The other day I went to lunch with a friend who is working on becoming debt free and simplifying her life overall. I asked her how it was going.
“Ugh,” she said. “Well, I told you that Herman took a sabbatical so he could teach for six months, right?” Teaching was, her husband believed, his calling and he was excited to step off the corporate fast track to mold young minds so he took a paid sabbatical to try it out.
“Well, two days in the classroom and he said he wished he were back in his cubicle.”
“Well, he can go back,” I reminded her.
“Yeah, but he was so sure that this was what he wanted to do,” she said. “He’s so lost.”
“So, he’ll try something else. How’s the debt free thing going?” I asked.
“Terrible. We fell off the wagon big time and bought that car sitting outside.”
“I thought that was new,” I said.
“Herman wanted it so much, I hated to say no, especially since we’ve been doing so well at paying off debt. But now I’m sick because we’ve negated all our hard work with that car.”
I tried to be encouraging. “Not all your hard work. Just think how much worse it would be if you hadn’t paid off those other things.”
“I know. But now I’ve lost motivation. I’m just not sure it’s worth it anymore. If we’re just going to keep screwing it up, maybe we shouldn’t even bother,” she said.
“But you can try again,” I reminded her. “Nothing is permanent. So it didn’t work out the first time. You can think about what tempted you to go off the wagon and address it when you try again.”
She went on to talk about the problems they were having simplifying. They had gotten rid of several things that they wished they had back and had cut some things from the budget that she wished she hadn’t. Their desire to move to a more rural area was stalled by the down economy. Nothing she was trying seemed to be working.
“We’re failures,” she whined.
Throughout the rest of lunch I tried to raise her spirits. I reminded her that the path to any goal is rarely linear. Especially when the goal is as complicated as getting out of debt, simplifying your life, or finding your vocational calling. All of these things are very personal and, while you can listen to the advice of others, no one can give you the roadmap to success. Finding success is up to you because you are the only one who can know what your spending is like, what your vocational aptitudes are, what makes you happy, and what, for you, constitutes a simple life.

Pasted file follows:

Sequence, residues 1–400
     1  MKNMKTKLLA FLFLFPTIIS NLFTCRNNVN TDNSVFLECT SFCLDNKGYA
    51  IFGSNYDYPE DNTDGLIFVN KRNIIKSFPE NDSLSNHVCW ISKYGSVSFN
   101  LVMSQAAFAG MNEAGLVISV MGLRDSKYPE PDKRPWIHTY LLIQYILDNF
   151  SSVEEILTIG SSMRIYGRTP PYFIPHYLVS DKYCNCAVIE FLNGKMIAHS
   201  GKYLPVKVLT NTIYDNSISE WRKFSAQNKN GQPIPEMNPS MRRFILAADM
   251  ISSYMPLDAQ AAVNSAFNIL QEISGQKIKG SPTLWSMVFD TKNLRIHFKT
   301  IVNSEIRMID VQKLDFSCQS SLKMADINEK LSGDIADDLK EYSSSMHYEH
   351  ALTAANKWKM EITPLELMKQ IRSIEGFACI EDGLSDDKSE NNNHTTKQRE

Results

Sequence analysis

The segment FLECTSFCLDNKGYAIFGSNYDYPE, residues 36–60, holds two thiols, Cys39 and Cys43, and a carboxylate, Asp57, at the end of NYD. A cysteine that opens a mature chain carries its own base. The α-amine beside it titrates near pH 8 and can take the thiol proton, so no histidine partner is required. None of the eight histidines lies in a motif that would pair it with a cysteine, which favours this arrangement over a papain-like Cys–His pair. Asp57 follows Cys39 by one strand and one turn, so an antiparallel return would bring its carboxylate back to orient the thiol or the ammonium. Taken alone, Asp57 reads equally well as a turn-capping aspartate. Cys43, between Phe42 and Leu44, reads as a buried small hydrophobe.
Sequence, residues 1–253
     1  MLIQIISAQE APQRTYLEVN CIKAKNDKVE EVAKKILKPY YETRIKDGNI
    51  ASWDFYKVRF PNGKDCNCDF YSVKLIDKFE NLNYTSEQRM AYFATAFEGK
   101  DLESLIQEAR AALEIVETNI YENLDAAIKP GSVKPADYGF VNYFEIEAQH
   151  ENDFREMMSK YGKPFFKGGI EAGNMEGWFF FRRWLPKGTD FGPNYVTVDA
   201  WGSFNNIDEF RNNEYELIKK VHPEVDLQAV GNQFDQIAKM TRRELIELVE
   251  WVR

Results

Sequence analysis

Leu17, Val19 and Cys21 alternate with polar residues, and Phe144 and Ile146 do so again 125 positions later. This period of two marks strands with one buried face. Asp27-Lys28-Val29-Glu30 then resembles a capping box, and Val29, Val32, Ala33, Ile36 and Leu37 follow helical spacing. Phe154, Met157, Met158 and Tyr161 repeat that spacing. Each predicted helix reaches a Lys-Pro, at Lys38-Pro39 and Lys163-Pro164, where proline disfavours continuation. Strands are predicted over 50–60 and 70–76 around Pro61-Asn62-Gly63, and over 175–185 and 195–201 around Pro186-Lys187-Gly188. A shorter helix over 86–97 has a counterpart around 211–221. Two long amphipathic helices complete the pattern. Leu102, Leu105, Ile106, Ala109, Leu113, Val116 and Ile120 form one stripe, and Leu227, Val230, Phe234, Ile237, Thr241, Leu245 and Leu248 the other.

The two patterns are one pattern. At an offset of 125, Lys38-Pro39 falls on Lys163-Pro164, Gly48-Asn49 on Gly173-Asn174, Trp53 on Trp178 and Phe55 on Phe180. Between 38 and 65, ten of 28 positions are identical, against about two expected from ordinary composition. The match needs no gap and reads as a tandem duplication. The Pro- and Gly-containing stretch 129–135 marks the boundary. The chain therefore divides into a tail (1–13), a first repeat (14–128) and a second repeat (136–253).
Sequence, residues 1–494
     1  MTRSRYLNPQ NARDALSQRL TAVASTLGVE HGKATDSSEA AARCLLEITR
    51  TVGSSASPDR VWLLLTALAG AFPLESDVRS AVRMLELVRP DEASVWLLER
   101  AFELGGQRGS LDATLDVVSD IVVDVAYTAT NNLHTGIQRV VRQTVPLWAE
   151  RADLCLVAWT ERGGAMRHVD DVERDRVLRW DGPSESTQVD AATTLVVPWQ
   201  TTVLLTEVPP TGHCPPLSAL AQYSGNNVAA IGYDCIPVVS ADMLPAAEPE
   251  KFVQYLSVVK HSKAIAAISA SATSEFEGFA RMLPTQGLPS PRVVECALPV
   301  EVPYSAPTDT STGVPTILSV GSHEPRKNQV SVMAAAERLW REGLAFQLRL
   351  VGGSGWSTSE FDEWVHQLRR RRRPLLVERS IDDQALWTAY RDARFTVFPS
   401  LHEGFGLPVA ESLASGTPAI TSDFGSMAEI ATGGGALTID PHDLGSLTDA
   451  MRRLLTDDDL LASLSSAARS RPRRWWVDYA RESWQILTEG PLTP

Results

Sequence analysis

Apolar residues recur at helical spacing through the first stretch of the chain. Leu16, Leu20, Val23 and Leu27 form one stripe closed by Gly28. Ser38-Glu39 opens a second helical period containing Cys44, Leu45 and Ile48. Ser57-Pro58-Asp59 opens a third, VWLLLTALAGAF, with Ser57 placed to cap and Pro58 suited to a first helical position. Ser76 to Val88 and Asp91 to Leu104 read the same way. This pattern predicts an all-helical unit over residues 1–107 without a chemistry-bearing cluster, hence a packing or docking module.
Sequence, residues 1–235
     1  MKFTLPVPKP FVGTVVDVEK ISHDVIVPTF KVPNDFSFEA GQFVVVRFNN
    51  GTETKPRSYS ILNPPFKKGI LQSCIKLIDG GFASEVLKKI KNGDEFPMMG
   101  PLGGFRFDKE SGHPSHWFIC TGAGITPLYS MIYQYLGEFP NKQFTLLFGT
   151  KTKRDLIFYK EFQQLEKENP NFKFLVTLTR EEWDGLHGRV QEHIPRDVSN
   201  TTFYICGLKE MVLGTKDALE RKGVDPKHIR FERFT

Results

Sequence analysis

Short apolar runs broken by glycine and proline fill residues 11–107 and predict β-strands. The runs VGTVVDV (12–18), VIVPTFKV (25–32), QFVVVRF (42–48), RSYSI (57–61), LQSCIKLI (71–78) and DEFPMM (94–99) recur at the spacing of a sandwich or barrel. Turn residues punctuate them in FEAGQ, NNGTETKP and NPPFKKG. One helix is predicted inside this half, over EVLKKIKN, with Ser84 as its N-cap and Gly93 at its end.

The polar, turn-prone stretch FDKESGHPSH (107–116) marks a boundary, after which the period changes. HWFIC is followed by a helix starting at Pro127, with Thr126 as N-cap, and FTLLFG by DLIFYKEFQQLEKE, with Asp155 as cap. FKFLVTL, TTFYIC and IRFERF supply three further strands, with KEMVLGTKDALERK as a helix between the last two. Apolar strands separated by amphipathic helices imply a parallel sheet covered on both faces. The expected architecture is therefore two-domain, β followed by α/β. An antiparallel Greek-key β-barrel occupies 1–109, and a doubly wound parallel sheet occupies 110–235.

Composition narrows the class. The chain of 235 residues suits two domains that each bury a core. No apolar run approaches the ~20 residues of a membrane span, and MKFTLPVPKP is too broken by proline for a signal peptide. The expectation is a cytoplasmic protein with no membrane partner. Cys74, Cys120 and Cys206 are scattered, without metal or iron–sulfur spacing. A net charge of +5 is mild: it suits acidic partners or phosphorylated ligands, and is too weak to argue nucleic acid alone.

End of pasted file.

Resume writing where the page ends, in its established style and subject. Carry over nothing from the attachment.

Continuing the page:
Yet so many people feel like if they don’t get it exactly right on the first try that they have failed or that it’s an impossible goal. They attack the goal as if it’s all or nothing. One misstep, one mistake and they throw in the towel. But life is messy and an all or nothing mindset is likely to leave you with exactly nothing.
When we were radically simplifying our lives and finances, I don’t know how many mistakes and bad ideas we had. We tried being super frugal and using every tip in the Tightwad Gazette, only to be miserable because most of them didn’t work for us. We tried numerous jobs until we found jobs that allowed us work in a way that meshed with our values and goals. (I thought at one time that I wanted to be a super career girl. What a laugh that turned out to be. Suits, heels, office politics, and corporate culture made me ill. I’m a jeans and outdoors kind of girl who doesn’t believe in office politics. Needless to say, I didn’t fit and I had to try, try again until I found a job that allowed me to be who I am.) We experimented with everything from the food we ate to what we wore and where we lived. We tried so many different ideas and approaches, I think we even confused our families as to who we were and what we were trying to become.
It didn’t all come together for several years. Had we given up (and believe me, it was tempting) we’d still be living hectic, crazy lives working at jobs that left us empty with only reckless spending to make us feel better. Thank heavens we kept at it. Now we are both very happy in our work, we’ve found the perfect approach to frugality for us, and our lives are much simpler and happier. We work and spend in accordance with our values and goals and that has made all the difference.
The great thing about life is that we get almost unlimited do overs. The only time you can’t try something again is when you’re dead. As long as you’re alive, you can reinvent yourself and correct your past mistakes. If you’re trying to get out of debt and fall off the wagon, get up and try again. If your efforts at simplifying have left you more confused than ever, back up and start again. If you’re trying to find meaningful work and you keep ending up in crummy jobs, keep trying. It may take a while and a lot of work on your part to get everything working the way you want it. Nothing is ever all or nothing on the first try. The right path to your goal is out there, you just have to try enough wrong ones so that you know the right one when you see it.
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